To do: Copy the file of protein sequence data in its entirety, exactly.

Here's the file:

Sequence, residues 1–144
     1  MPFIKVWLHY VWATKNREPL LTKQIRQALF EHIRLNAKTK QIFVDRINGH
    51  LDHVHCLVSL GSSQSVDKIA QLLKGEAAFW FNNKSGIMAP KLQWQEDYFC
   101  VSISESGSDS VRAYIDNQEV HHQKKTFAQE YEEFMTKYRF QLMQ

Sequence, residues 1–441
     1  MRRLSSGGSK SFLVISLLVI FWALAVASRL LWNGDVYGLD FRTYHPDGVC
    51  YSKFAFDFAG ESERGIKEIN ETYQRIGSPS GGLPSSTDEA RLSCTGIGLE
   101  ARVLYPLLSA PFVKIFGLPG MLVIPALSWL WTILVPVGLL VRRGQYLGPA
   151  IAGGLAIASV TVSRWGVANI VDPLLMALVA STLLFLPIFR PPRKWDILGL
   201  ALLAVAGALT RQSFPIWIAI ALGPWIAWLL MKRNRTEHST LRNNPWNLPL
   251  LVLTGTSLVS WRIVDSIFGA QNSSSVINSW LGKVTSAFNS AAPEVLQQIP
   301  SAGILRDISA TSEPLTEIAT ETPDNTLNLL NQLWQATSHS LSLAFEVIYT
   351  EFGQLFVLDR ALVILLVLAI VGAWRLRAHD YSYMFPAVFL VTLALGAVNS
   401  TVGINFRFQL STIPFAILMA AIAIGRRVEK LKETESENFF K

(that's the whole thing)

Sequence, residues 1–144
     1  MPFIKVWLHY VWATKNREPL LTKQIRQALF EHIRLNAKTK QIFVDRINGH
    51  LDHVHCLVSL GSSQSVDKIA QLLKGEAAFW FNNKSGIMAP KLQWQEDYFC
   101  VSISESGSDS VRAYIDNQEV HHQKKTFAQE YEEFMTKYRF QLMQ

Sequence, residues 1–441
     1  MRRLSSGGSK SFLVISLLVI FWALAVASRL LWNGDVYGLD FRTYHPDGVC
    51  YSKFAFDFAG ESERGIKEIN ETYQRIGSPS GGLPSSTDEA RLSCTGIGLE
   101  ARVLYPLLSA PFVKIFGLPG MLVIPALSWL WTILVPVGLL VRRGQYLGPA
   151  IAGGLAIASV TVSRWGVANI VDPLLMALVA STLLFLPIFR PPRKWDILGL
   201  ALLAVAGALT RQSFPIWIAI ALGPWIAWLL MKRNRTEHST LRNNPWNLPL
   251  LVLTGTSLVS WRIVDSIFGA QNSSSVINSW LGKVTSAFNS AAPEVLQQIP
   301  SAGILRDISA TSEPLTEIAT ETPDNTLNLL NQLWQATSHS LSLAFEVIYT
   351  EFGQLFVLDR ALVILLVLAI VGAWRLRAHD YSYMFPAVFL VTLALGAVNS
   401  TVGINFRFQL STIPFAILMA AIAIGRRVEK LKETESENFF K